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Going to the Galleria

I believe it’s been well known for a long time now that a sizeable percentage of shoppers at Houston’s high end mall the Galleria are from Mexico, but I’m still a bit surprised to see it expressed in such stark terms.

Red, green and white are more than just traditional holiday colors to Patricia Porto.

The many wealthy shoppers visiting her boutique this Christmas season make her think of another color scheme — that of the Mexican flag.

The Galleria has long been a favorite among both Mexico’s elite and middle class.

At least 20 percent of the shopping center’s customers come from Mexico.

“Without the Mexicans, there is no Galleria,” said Porto, who counts Mexican customers as 70 percent of her business.

Now that’s just one shopkeeper’s opinion, and what it may mean could be “Without the Mexicans, I’d be out of business”. That’s clearly the case here, but it doesn’t have to be sitewide. I’m inclined to believe that she’s discussed this with some colleagues who are in a similar position, though, and if it’s true for enough of them, that’s close enough.

Not too surprisingly, most of the business from these foreign visitors is for the real expensive stuff, but the story did note that some middle class folks make a regular trek up north, too. The fear of terror attacks slowed things down recently, but there’s a bigger factor at work:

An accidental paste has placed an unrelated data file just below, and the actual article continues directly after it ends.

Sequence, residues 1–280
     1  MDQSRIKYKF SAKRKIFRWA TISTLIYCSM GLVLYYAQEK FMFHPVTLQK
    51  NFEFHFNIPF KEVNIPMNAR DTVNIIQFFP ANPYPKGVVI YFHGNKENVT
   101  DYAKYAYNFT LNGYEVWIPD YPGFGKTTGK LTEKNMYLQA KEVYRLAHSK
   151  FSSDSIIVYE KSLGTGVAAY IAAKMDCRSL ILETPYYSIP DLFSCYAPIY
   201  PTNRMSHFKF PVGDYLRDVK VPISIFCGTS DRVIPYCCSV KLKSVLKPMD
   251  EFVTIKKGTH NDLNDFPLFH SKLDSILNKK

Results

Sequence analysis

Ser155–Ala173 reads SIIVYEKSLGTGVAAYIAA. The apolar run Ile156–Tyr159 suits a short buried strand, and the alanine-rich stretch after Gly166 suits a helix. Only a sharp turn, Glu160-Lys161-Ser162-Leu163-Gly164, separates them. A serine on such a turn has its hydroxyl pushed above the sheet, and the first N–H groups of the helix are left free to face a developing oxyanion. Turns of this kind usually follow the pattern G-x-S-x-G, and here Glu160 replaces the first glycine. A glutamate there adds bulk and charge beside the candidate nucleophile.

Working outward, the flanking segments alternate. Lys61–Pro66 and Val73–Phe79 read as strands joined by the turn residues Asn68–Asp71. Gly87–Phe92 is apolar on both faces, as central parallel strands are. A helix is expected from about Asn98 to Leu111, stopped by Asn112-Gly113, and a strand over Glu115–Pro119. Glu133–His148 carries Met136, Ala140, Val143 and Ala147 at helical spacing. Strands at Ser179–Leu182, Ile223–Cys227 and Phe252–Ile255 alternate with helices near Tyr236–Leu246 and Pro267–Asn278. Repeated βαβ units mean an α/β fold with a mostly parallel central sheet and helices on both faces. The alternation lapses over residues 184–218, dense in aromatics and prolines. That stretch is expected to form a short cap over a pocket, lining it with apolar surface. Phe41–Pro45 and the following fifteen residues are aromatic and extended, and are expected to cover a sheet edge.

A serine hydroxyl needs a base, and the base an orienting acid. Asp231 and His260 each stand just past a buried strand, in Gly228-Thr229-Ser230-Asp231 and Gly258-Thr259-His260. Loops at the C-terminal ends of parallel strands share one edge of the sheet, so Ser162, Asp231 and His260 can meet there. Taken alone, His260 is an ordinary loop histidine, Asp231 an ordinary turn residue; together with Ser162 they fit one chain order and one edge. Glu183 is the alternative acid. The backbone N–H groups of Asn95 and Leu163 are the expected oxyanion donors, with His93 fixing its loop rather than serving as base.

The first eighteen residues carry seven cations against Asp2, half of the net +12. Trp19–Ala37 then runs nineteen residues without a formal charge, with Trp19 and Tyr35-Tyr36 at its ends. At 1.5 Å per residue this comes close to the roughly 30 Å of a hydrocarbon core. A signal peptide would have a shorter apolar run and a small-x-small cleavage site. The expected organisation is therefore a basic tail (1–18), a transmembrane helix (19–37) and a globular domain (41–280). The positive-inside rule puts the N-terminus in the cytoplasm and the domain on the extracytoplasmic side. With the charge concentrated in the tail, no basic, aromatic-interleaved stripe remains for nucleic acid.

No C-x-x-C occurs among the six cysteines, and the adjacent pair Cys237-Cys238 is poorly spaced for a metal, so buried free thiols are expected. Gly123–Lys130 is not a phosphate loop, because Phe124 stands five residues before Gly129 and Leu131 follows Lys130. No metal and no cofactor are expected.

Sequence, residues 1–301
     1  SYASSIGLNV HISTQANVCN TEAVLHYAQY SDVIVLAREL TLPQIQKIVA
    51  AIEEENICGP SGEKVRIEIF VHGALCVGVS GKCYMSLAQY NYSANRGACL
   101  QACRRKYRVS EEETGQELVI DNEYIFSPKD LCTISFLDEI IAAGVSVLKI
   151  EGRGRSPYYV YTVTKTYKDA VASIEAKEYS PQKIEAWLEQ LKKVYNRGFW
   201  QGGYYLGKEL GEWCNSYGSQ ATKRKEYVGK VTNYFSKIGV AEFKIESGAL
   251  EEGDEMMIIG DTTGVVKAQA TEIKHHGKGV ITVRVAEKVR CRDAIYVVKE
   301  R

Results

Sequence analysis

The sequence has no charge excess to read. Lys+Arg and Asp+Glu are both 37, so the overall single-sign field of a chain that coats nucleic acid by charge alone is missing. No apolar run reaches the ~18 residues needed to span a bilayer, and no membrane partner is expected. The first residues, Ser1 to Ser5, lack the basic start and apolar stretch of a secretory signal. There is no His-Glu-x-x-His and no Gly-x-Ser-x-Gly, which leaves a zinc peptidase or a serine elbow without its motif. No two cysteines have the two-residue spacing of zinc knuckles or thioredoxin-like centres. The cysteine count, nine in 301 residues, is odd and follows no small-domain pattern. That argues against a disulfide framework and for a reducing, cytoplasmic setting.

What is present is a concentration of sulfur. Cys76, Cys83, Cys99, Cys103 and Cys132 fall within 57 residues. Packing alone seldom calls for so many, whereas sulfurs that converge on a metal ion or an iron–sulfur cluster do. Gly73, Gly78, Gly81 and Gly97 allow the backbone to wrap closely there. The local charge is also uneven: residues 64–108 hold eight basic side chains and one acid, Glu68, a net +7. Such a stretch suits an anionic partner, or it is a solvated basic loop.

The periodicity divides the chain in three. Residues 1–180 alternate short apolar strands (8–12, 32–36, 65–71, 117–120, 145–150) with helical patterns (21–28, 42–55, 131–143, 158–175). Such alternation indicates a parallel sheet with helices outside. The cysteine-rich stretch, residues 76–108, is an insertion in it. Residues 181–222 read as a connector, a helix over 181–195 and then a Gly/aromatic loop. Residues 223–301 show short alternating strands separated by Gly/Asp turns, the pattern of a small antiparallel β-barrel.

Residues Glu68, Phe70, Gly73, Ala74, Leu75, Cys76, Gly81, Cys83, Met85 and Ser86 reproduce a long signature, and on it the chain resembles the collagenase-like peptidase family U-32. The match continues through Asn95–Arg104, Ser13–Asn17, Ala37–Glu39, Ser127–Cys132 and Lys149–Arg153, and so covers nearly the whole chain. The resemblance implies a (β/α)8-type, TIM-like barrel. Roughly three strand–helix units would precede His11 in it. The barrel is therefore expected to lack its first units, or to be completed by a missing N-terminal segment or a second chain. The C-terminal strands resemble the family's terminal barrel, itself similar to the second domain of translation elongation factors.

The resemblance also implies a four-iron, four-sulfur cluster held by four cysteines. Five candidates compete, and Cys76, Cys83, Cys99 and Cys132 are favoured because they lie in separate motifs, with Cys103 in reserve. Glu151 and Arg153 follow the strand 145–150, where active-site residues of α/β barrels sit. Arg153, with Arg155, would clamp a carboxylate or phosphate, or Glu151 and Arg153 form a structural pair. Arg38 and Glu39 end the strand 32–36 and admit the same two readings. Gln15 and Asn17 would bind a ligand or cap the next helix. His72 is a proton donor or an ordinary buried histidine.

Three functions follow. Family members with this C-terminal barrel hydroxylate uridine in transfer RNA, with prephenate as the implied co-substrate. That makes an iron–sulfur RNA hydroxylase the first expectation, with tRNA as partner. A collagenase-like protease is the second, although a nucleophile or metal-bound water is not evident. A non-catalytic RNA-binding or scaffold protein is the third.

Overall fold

[Porto] remembers when, in the 1980s after two peso devaluations and a recession, fewer Mexican customers shopped at Galleria stores.

And for the last two years, business was slow. Many Mexicans were afraid to travel to the United States because of the terrorist attacks.

But business has picked up again, despite the recent weakening of the Mexican peso against the U.S. dollar. And, for some middle-class Mexican shoppers, that’s an important factor in the decision of whether to come to the United States.

“When there’s a big difference in the exchange rate, it affects how they want to spend their money,” Tourneau’s general manager, Ed Gelber, said. “If they have so much money that it doesn’t matter, then it doesn’t matter.”

Nice to know our weak-dollar policy is good for something.

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  1. It’s not a weak-dollar policy, it’s a free-floating dollar policy. That the markets have decided the dollar is too strong has little to do policy. The various currency runs during the 90s showed how foolish it is for governments to try and artificially change the value of their currency rather than reform their fiscal policies.

    If a strong dollar is in America’s interest, then scaling back the deficit spending would be a good start.

  2. Bruce Bartlett thinks we have a weak-dollar policy in place. So does Brad DeLong.

  3. kevin whited says:

    Geez, Charles, between the Santa Claus/mall post and this one, you’d think we were in the midst of the great depression or something.

    Have a little cheer, why don’t you?! It’s Christmas!

    Ho ho ho! 🙂

  4. ferdinand redelijk says:

    great to see that patricia is doing well . Old friend from Holland